• Is that because the uncertainty in the position of the protons is small compared to the distance to the electrons + the uncertainty of the electron position? Oct 14, 2019 at 0:26
• @Jetpack Not the distance, really - electrons can even be inside the nucleus. But the uncertainty, yes. The uncertainty in the position of the nucleus is small enough that we can ignore it for most purposes in chemistry; keep in mind that it's very related to the mass of the particle, and electrons mass a thousandth of a proton. Anyway, all those numbers we attach to chemical elements and isotopes were determined experimentally, not from first principles, so even though you need to do the full thing to get the exact right result, you don't bother, since you already have the value in a table. Oct 14, 2019 at 7:49

Nuclei are quantum particles and have a wavefunction and hence a probability density, too. However, it is hard to calculate and to visualize, and it is often not needed.

For electrons, you can e.g. look at a one-electron density of a many electron system or at orbitals, which correspond the best possible solutions of approximating the full many-electron problem with an independent-particle problem. However, electrons are all the same, which makes the problem easier.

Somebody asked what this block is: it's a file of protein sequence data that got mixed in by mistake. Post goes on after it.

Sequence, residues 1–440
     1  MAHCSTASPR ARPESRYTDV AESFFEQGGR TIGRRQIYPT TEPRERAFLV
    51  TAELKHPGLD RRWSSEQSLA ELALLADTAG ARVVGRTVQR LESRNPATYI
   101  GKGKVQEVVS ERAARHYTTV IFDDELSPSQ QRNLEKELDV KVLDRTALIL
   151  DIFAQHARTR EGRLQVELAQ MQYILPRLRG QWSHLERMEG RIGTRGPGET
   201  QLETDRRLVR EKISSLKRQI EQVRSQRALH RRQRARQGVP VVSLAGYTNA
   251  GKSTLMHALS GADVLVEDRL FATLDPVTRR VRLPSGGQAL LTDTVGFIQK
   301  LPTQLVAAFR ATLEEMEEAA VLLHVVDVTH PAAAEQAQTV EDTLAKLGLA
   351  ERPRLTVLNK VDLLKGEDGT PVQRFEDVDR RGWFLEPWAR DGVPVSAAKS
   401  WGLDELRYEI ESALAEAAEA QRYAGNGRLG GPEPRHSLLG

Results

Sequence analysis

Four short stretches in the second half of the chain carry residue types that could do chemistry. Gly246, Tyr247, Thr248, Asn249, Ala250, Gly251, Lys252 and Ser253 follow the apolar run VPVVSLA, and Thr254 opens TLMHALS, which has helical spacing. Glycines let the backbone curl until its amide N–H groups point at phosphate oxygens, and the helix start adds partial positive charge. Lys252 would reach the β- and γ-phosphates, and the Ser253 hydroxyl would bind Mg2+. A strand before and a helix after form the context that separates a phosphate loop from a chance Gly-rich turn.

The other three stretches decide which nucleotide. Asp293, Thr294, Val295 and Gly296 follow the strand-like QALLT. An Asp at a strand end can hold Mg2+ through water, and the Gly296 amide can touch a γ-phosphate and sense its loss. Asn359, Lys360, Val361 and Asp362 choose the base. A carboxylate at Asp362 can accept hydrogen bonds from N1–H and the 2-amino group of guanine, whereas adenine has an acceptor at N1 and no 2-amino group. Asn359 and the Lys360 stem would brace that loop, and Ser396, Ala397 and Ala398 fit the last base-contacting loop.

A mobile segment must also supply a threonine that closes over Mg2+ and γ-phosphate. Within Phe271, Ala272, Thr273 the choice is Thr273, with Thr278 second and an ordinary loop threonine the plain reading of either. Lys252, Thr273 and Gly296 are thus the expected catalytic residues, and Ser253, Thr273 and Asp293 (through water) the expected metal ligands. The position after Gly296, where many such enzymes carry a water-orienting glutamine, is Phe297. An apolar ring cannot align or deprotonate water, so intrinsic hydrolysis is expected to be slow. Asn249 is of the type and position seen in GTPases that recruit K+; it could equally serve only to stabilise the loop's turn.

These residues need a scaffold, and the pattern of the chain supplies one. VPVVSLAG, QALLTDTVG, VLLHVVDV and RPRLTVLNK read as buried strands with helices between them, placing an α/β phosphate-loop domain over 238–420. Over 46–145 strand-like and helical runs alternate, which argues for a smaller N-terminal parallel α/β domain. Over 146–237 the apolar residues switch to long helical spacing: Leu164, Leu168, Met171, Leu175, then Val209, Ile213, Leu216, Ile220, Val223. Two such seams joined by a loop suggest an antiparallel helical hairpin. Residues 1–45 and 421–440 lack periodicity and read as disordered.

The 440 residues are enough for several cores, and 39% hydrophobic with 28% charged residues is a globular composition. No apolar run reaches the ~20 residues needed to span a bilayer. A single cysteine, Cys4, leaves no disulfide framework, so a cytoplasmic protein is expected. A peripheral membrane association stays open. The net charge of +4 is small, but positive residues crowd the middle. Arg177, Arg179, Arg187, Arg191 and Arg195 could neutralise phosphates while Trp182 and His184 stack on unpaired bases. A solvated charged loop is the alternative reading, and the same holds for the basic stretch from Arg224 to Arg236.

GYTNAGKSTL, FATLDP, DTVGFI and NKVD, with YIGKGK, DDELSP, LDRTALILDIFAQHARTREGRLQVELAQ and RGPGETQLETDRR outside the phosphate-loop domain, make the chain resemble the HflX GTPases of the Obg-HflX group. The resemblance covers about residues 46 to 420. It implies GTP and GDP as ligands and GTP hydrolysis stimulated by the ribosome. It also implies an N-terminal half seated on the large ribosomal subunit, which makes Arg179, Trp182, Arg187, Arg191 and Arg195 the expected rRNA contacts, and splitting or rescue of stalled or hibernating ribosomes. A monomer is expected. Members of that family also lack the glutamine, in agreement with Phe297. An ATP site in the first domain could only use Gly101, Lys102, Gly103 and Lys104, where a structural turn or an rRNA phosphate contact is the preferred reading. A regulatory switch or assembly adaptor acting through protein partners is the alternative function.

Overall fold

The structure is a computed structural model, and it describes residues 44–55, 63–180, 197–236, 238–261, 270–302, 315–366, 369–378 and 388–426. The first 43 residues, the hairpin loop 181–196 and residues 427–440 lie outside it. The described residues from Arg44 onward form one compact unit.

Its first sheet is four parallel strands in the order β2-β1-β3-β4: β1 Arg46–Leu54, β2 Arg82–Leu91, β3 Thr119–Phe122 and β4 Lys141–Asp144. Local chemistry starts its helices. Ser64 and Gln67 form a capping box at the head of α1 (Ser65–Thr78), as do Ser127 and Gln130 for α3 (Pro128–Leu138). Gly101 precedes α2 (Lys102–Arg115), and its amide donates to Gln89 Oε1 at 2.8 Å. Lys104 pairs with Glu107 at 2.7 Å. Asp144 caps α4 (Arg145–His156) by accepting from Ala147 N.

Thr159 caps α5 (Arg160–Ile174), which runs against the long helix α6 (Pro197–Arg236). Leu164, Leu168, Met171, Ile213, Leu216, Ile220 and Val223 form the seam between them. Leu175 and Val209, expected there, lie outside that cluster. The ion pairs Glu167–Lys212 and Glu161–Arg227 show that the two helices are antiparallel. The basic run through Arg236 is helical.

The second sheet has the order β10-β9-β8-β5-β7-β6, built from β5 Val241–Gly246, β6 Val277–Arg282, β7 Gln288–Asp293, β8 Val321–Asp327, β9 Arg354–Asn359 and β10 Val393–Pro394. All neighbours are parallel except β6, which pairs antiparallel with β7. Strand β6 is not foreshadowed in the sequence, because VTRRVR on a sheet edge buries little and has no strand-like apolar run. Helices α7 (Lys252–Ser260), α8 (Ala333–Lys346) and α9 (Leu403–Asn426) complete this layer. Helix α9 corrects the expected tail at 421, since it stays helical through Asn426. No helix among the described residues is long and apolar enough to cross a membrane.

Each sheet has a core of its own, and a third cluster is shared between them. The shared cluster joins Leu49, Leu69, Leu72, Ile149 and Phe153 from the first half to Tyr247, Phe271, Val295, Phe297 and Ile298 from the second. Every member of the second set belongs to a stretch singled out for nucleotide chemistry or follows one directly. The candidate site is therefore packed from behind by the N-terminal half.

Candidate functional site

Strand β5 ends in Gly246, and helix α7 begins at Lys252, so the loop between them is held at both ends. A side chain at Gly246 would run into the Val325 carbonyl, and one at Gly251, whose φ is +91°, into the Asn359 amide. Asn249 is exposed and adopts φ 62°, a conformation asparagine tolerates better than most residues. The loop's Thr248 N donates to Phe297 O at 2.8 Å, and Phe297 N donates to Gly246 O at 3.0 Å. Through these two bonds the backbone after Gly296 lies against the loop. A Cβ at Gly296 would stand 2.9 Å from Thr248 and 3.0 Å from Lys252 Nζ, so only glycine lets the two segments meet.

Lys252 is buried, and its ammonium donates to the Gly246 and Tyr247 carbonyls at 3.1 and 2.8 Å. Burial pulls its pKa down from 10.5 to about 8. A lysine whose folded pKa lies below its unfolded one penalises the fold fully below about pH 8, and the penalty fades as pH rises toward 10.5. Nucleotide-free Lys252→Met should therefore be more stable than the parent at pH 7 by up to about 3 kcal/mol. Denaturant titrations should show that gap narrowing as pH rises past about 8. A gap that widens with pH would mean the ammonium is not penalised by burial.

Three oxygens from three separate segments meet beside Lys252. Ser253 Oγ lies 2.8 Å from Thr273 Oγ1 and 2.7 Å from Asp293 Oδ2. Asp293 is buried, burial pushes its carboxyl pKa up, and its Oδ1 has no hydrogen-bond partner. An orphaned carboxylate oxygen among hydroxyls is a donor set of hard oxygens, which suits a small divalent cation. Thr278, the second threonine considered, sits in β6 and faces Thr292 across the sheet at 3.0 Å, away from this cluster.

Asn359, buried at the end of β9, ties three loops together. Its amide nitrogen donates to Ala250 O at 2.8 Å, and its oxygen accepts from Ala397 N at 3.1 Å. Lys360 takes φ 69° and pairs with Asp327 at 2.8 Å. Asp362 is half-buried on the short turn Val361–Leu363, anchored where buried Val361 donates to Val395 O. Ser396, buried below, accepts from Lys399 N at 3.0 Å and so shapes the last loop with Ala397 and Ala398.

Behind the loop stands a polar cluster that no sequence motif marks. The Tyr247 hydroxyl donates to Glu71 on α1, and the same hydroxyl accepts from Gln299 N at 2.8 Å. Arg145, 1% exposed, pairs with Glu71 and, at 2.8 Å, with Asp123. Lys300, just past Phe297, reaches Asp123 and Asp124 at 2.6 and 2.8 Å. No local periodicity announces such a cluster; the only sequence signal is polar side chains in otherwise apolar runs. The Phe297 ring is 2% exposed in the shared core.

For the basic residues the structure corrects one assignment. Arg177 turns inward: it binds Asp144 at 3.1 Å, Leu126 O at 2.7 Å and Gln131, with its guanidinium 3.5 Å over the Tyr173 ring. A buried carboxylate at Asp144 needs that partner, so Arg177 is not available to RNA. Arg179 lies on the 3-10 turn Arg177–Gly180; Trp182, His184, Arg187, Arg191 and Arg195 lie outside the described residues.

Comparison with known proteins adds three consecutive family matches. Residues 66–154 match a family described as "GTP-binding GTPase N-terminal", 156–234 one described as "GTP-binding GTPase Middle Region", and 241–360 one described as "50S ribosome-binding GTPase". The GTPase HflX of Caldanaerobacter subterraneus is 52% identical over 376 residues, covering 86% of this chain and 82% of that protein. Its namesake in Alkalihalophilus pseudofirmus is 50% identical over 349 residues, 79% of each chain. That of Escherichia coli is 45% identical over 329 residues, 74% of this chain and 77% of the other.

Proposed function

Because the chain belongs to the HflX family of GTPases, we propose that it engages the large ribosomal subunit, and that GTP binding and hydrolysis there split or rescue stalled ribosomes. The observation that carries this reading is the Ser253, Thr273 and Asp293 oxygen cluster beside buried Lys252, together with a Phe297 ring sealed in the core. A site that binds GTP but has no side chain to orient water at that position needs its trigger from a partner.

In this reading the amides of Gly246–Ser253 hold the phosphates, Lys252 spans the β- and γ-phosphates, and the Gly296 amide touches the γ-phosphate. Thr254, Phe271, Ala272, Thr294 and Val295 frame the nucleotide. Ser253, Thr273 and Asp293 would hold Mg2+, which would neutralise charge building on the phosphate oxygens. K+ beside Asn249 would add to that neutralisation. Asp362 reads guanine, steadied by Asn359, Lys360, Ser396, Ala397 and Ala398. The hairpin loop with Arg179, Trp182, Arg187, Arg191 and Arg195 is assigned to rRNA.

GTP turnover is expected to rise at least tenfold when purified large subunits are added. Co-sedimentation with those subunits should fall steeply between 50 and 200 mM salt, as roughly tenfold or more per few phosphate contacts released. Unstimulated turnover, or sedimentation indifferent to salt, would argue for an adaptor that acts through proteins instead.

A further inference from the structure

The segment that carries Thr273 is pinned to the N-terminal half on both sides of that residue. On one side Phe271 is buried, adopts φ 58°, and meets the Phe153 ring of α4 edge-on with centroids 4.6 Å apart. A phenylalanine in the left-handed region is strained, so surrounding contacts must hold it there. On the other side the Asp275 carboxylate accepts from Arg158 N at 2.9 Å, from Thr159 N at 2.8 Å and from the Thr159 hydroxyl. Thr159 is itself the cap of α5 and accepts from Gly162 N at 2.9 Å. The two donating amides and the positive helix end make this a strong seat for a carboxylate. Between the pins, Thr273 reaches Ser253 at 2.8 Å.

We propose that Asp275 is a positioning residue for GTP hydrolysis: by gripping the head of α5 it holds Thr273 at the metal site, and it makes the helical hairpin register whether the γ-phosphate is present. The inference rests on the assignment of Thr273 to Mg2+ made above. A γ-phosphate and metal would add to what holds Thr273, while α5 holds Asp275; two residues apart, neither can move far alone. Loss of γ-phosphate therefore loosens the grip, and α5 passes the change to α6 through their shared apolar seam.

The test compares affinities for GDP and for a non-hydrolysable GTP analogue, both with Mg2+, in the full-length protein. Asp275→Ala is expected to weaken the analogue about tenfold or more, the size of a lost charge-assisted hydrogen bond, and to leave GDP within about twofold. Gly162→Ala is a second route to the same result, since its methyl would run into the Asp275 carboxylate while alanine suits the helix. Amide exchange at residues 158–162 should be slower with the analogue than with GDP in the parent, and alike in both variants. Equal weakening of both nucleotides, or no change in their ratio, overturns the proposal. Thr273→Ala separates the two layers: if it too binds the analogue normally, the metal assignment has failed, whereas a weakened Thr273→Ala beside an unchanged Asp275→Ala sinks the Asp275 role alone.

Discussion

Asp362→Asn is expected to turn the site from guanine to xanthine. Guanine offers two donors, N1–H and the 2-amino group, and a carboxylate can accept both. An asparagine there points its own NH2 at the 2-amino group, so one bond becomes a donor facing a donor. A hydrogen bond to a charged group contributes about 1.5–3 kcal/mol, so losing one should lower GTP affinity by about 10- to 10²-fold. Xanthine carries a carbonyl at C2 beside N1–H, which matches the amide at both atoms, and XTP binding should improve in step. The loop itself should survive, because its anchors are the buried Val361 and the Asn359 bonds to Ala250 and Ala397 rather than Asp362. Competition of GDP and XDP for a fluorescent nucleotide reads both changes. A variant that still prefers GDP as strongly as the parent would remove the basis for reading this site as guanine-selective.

In contrast, if you want to visualize the nuclei of a molecule, you have a hard time. An example where it was actually done is this article. In the article, the nuclear probability densities of molecules are obtained by approximating the nuclear wavefunction as product of harmonic oscillator functions in the normal modes and by integrating over all but the coordinates of one nucleus. You see that the spatial extend of the nuclear probability density is small even for vibrationally excited states, hence it is usually of little interest.

Another problem when you want to calculate a probability density is how to treat the invariance with respect to translation and rotation of the whole system. For electrons in a molecule this is not a problem if the nuclei are assumed to be fixed in space, but you always need some reference, otherwise the density is just a constant.

• One additional question. If the nucleus of the atom were to be a composite boson, such as Helium-4’s nucleus, would the probability cloud be higher considering the nucleus now behaves more like on single entity than several separated ones? Apr 8, 2021 at 7:54

As already pointed out in the other answers, nuclei do have a probability cloud. It is only a lot smaller than compared to electrons because the mass of the nucleus (or even a single proton or neutron) is a lot higher.

The uncertainty principle is given by

$$\Delta x \Delta p \ge \frac{h}{4\pi}$$

where $$\Delta x$$ is the uncertainty in position and $$\Delta p$$ is the uncertainty in momentum. If a particle has a large probability cloud, this is the same as saying it has a large uncertainty in position.

For the equation to be true, it either $$\Delta x$$ or $$\Delta p$$ increases or decreases, the other must decrease or increase.

Since $$p=mv$$, we can see that if the mass is higher, momentum is aswell. Thus, a higher mass means higher uncertainty in momentum and likewise, smaller uncertainty in position.

• That‘s a bit oversimplified since the velocity of the electrons is far greater too. Jan 20 at 7:56